Quality infrastructure maintenance

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No injuries were reported when a Union Pacific train derailed and caught fire on a bridge over Tempe Town Lake in Arizona, officials said Wednesday.

Plumes of smoke could be seen rising into the morning sky beneath a trail of flames on video and images from the site of the derailment, where part of the bridge collapsed.
The train was hauling unknown hazardous material, according to the Tempe Fire Department.

One section of the Salt River Union Pacific Bridge — which was built in 1912 — had completely collapsed just on the side of the lake, with some of the train cars detached and on the ground.

Quality infrastructure maintenance — How NOT to do it!

Railroad will repair tracks they failed to maintain – after the fiery oil train wreck

Chopper 2/KATU

Union Pacific Railroad said it will replace a type of bolt on its track that led to a fiery oil train derailment on the Oregon-Washington border, but the pledge failed to ease concerns in the tiny town where the wreck sparked a massive fire that burned for 14 hours.

Federal investigators in a preliminary report released Thursday blamed the derailment on Union Pacific for failing to properly maintain its track.

The report flagged broken lag bolts as the immediate cause and said better inspections would have caught the issue. The lag bolt is part of a fastening system that attaches the rail to ties. It prevents the rails from moving too far apart, which can lead to derailments.

Union Pacific faces potential penalties for safety violations, according to the Federal Railroad Administration report.

The document, obtained in advance by The Associated Press, came out a day after Union Pacific announced it would resume running oil trains in the Columbia River Gorge later this week.

The combined news shocked and angered residents in Mosier, a town of about 400 where the train went off the tracks. The June 3 derailment released 42,000 gallons of crude and prompted evacuations…

Advanced electronic brakes proposed by regulators but fought by the railroad industry could have made the derailment less severe, Federal Railroad Administrator Sarah Feinberg said. They could have reduced the number of cars that derailed and prevented the one that first burst into flames from being punctured, officials said.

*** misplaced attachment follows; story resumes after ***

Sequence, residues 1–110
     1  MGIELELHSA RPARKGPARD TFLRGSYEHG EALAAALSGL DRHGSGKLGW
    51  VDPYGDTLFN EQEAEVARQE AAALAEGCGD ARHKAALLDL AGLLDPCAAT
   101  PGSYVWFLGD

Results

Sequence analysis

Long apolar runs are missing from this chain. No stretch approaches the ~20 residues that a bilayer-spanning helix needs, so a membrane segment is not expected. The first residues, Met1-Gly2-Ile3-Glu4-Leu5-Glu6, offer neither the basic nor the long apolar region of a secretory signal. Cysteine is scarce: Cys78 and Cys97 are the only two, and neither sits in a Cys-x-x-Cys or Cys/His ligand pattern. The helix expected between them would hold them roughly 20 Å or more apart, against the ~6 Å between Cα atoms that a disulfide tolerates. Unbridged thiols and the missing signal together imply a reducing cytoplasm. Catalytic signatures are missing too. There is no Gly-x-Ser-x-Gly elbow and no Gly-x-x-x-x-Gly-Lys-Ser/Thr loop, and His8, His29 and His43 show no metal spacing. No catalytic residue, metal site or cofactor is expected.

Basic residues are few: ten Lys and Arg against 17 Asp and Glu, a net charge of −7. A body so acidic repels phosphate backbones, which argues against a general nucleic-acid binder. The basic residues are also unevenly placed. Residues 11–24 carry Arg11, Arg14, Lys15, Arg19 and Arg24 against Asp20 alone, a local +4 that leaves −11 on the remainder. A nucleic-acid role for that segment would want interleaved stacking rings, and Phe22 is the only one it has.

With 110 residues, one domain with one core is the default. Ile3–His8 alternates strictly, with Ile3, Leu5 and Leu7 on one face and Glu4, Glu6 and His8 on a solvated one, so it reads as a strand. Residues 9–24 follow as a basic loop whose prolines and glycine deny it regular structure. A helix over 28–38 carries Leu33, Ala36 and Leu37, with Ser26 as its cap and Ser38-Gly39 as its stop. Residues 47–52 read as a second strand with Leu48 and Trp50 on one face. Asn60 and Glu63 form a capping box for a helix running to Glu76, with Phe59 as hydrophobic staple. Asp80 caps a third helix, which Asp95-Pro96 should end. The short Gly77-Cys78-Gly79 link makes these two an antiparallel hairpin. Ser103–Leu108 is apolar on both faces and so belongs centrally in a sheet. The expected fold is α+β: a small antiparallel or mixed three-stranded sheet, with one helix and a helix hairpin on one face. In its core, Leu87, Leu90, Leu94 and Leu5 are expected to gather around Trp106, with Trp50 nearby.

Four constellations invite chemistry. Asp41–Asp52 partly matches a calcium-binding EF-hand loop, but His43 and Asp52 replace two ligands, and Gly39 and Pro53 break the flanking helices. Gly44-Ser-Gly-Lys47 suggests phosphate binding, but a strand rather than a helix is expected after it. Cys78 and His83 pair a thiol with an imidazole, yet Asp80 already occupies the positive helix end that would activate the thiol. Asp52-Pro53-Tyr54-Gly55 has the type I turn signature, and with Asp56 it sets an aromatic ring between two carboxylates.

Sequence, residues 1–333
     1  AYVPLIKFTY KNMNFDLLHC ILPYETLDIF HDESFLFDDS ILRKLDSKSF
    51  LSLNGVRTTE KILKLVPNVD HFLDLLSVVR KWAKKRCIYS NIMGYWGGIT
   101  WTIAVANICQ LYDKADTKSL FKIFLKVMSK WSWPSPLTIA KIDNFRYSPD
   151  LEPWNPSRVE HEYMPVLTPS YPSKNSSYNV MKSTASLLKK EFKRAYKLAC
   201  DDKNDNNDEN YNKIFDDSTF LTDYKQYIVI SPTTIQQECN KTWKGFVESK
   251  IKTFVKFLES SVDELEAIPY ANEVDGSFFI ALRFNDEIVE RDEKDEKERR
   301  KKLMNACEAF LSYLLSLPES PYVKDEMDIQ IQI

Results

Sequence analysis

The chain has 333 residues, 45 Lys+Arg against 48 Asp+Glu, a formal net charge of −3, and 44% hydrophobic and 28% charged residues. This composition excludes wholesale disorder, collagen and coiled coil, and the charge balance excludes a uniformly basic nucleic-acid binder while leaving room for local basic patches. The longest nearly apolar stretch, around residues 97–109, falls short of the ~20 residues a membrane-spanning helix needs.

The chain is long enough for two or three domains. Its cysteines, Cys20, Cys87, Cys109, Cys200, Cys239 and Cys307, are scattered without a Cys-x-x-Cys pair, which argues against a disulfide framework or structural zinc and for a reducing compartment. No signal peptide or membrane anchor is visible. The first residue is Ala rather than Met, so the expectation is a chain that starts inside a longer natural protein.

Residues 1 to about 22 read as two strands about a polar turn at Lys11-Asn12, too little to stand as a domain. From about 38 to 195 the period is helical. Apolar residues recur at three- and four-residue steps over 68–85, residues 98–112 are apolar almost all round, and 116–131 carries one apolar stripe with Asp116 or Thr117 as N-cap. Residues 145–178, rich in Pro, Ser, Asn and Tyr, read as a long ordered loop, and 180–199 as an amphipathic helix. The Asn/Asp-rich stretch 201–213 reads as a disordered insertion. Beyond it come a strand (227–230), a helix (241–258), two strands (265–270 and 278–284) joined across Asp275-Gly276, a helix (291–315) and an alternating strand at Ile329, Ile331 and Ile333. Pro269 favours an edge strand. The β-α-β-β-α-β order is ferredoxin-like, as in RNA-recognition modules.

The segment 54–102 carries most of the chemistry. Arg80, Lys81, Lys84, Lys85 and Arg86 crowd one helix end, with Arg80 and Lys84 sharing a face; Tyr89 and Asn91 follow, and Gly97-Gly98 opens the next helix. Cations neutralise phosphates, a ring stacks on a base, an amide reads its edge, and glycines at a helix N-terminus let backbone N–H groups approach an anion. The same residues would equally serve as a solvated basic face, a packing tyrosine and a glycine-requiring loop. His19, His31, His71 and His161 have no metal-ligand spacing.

“We’re talking about upgrading a brake system that is from the Civil War era,” Feinberg said. “It’s not too much to ask these companies to improve their braking systems…”

Union Pacific said blah, blah, blah.

Oregon Democratic Sens. Jeff Merkley and Ron Wyden asked federal rail regulators to use an emergency provision to stop oil train traffic until the derailment was better understood. Gov. Kate Brown also reiterated her call for a halt to oil train traffic.

People Before Profits ain’t exactly a slogan you hear repeated at a meeting of the Board of Directors of Union Pacific Railroad. Unless, of course, it’s shouted by a protestor just before being removed by armed guards.

After a coal train derailed – terrible discovery a day later!

The bodies of two people trapped in a car under giant mounds of coal, which spilled from a derailed train near Chicago, have been unearthed and removed from the scene, authorities said today.

Wayne Globerger, the fire chief of Glenview, Illinois – the Chicago suburb where the accident occurred – declined to identify either victim.

Globerger told reporters that crews were searching the site north of Chicago for any other vehicles that may have been buried.

On Wednesday, 31 of 138 cars of a Union Pacific train derailed on an 86-foot-long bridge, spilling large amounts of coal, railroad spokesman Tom Lange said. The derailed cars piled up on the bridge, putting more weight on the structure than if the train had kept moving, and likely caused the bridge to collapse, Lange said…

Initially, no injuries were reported. But authorities cleaning up the debris discovered a car bumper, and then the vehicle with the two victims inside.

Coppers, authorities figured they didn’t have to search the debris field because no one had been reported missing in the vicinity. As soon as they found the first body they rightly figured there would be a second. Which is why no one reported the other as missing.